Katy’s current team of five is flourishing. Alongside her three open contenders – 18-year-old gelding I’m A Diamond X (Jack), 12-year-old mare Vulcanite (Aoife) and her 11-year-old gelding The Prof, who was supreme of the entire field at the 2019 British Show Horse Association (BSHA) championships – Katy has two exciting novices waiting in the wings, seven-year-old AOC Quality OZ and five-year-old Kuriheka Temptation.

    “I don’t jump the older horses too often; they’re jumping machines and don’t need the ring experience,” says Katy, who has regular lessons with showjumper Adam Botham. “I aim to qualify them for HOYS and the RIHS and one or two for Windsor. I really love working with the young horses. Of course I love to win and I want to finally reign at HOYS one day, but for me it’s all about finding the next hidden gem. The most rewarding part of the job is when a young horse you’ve had for a long time and worked hard with jumps his first clear round. I’m sentimental with them and those moments mean everything.”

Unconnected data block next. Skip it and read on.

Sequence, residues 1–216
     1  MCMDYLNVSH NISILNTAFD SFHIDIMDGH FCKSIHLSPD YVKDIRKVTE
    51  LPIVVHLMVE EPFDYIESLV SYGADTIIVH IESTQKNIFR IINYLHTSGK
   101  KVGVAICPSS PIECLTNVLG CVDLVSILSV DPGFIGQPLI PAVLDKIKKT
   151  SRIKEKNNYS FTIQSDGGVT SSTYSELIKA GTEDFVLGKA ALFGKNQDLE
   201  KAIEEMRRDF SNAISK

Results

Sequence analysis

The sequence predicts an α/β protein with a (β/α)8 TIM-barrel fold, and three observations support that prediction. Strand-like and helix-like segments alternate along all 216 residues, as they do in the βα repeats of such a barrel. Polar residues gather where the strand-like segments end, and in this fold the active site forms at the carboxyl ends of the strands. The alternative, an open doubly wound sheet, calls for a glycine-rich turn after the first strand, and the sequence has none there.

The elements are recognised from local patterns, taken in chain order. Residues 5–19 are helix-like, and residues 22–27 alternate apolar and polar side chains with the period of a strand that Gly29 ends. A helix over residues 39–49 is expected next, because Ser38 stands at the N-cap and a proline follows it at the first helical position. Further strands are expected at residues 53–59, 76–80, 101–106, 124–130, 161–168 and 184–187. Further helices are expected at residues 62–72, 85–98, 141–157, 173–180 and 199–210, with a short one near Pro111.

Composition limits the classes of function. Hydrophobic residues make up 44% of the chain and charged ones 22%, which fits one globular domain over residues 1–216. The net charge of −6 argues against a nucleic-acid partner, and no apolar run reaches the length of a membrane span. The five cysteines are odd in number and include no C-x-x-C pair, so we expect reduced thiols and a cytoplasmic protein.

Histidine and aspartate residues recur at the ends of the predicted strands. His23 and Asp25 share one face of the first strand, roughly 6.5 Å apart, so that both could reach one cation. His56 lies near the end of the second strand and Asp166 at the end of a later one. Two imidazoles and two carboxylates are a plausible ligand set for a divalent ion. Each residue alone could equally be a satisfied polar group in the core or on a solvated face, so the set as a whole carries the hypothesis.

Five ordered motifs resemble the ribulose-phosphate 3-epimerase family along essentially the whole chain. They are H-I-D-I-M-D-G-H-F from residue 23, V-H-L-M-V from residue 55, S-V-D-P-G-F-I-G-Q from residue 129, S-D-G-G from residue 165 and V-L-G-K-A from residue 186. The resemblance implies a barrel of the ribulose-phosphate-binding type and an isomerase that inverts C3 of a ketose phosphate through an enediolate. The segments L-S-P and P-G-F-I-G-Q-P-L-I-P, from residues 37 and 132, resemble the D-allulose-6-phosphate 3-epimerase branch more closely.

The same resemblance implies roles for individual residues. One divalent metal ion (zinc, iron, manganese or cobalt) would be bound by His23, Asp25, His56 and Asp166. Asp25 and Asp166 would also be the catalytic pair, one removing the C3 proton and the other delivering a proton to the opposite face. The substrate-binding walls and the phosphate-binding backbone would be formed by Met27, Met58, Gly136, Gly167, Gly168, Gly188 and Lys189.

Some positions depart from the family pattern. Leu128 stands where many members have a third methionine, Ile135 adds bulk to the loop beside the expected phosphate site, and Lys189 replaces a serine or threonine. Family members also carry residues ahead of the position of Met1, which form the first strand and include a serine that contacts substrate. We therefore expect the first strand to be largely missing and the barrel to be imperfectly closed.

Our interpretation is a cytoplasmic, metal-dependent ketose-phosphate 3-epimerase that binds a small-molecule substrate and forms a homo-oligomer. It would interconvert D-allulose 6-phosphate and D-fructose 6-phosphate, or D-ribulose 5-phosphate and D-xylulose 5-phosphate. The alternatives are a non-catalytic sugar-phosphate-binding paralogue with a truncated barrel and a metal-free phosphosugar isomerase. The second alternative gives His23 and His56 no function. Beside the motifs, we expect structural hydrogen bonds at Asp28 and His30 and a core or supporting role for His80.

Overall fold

But results aside, showing is about family, friends and old-fashioned fun for Katy. Last year, her mother Jonita – who helps Katy on the yard every day – was diagnosed with ovarian cancer.

    “Last year was hard for us and it made me realise that while horses are everything, there are other things in life which matter more,” reflects Katy. “We were lucky to have amazing friends who helped us out and thankfully we got through it and Mum is fine.

    “I’ve missed everyone terribly this year, so 2021 will be about getting out, catching up and having a laugh. We’re one big family in the workers.”

    Katy’s own development from aspiring young rider to one of the very best in the game means those starting out will always have someone to turn to. Her passion is for the sport is clear to see in her own performances, as well as in her ambitions to keep promoting horse workers as a viable option for those coming off ponies.

    “At the end of the day, it’s bloody good fun. And I want to keep it that way.”

    Ref: 7 January 2021